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Investigating Complex Structures of Blended Metal-Organic Framework Glasses

The chemical and structural complexity of crystalline metal-organic frameworks (MOFs), which are network architectures formed from linked inorganic and organic components, presents great challenges for their characterization. Recently, one family of MOFs have been shown to melt (without decomposition), and form glasses upon quenching of the resultant liquids. The arrangements of atoms in these liquids and glasses are, by their nature, highly disordered and lack a unit cell. They are thus even more demanding to characterize than their crystalline counterparts.

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Jun 15, 2018
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The paper in Nature Communications is here: https://go.nature.com/2ybZDg9

In previous work, the liquid and glass states of a ZIF of composition Zn(Im)2, (Im – imidazolate C3H3N2-) have been investigated by techniques including 13C solid state nuclear magnetic resonance spectroscopy. Perhaps the most informative however has been the application of Total Scattering techniques, and acquisition of pair distribution function (PDF) data. These data, which are effectively a histogram of atom-atom correlations in a material (crystalline or amorphous), are then modelled using the reverse Monte Carlo technique, to yield atomistic configurations.

In this work, we were interested in the application of traditional glass and organic polymer processing techniques, to the liquid and glass MOF states. Two species were blended together using the high temperature liquid state of ZIF-62 [Zn(Im)1.75(bIm)0.25] (bim – benzimidazolate C7H5N2), and on quenching formed a single glass species. However, if the characterization of a single amorphous MOF species is challenging, then building a picture of a material containing two complex amorphous MOF structures is somewhat intimidating.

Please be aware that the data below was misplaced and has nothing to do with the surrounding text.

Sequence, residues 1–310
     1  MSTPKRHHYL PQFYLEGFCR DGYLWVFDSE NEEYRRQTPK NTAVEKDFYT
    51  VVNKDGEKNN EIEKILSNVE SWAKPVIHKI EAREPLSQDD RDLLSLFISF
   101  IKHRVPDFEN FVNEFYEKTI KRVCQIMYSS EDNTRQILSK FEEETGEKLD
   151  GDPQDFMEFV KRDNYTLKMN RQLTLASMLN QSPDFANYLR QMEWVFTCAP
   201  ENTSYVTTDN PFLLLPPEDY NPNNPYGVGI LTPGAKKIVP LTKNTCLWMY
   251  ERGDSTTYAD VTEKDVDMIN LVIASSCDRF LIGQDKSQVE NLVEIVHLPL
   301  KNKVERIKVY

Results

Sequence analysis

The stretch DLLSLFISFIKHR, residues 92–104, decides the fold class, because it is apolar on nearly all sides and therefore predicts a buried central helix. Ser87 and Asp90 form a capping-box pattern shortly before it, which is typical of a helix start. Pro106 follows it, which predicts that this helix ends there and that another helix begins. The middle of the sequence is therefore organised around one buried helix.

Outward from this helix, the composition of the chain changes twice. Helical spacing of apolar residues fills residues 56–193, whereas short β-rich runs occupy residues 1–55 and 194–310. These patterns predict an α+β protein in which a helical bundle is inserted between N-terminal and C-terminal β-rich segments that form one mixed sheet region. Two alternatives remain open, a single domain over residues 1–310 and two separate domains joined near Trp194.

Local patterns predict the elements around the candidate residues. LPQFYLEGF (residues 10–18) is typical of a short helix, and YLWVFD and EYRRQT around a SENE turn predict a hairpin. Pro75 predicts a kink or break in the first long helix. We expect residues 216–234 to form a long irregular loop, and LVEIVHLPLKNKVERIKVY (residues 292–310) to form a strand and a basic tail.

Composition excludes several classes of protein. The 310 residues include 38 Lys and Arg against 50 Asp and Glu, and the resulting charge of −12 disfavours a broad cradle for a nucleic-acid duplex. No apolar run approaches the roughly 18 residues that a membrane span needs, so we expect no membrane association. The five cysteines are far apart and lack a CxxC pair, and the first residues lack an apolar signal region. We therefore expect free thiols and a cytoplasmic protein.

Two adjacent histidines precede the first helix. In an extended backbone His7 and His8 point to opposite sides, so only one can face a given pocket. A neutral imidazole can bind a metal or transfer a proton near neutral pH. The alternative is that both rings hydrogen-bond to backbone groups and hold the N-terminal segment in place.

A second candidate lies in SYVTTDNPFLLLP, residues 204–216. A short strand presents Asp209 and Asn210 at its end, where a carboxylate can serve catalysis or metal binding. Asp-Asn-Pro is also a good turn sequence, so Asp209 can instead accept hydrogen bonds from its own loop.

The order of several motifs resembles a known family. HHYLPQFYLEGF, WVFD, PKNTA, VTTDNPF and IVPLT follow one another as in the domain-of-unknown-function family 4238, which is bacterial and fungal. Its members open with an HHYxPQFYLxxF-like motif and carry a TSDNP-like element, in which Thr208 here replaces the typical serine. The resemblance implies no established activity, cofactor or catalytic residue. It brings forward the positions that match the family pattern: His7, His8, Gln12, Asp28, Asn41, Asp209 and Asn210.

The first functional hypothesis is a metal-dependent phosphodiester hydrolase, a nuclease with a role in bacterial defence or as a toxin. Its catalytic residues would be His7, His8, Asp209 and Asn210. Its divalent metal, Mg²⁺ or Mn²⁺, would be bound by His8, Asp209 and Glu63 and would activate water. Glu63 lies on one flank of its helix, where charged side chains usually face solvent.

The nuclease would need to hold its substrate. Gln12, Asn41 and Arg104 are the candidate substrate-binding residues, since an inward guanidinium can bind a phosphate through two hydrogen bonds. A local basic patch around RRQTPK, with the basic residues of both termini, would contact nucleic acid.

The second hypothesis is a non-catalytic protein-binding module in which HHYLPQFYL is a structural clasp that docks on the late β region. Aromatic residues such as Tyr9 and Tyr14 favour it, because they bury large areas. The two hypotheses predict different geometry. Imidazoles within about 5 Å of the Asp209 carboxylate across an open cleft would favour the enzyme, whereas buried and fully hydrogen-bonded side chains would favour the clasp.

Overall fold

To surmount this challenge, we turned to electron microscopy. Electron microscopy is a workhorse technique for understanding the nanoscale organization of predominantly crystalline materials like metals, semiconductors, and ceramics. The capabilities for imaging chemical information in a sample, using spectroscopic techniques in the electron microscope, is what really drew us to electron microscopy for understanding these intertwined amorphous MOFs. By forming a blend starting from MOFs with two different metal centres (Zn, Co) we created chemical tags, analogous to fluorescent labels in light microscopy, to be able to track the two MOFs in the blend.

On top of that, we were able to use electron microscopy to record a 3D image of the metal-centre distributions, using the electron microscope like a CT scanner. Making sure the MOFs didn’t fall apart under the damaging electron beam irradiation required us to be cautious with electron dose while obtaining the sufficient signal for a usable 3D image quality. We were able to strike a good balance by combining this 3D imaging technique with advanced computational techniques to recover high quality 3D information from limited data. Using these approaches, we were able to determine that the two MOF phases form interlocked structures but without much mixing at the boundaries of the two MOFs. Understanding these microscopic details in turn helped us interpret the mechanical behaviour of these new glass blends.

Go to the profile of Thomas Douglas Bennett

Thomas Douglas Bennett

Royal Society Research Fellow, University Of Cambridge

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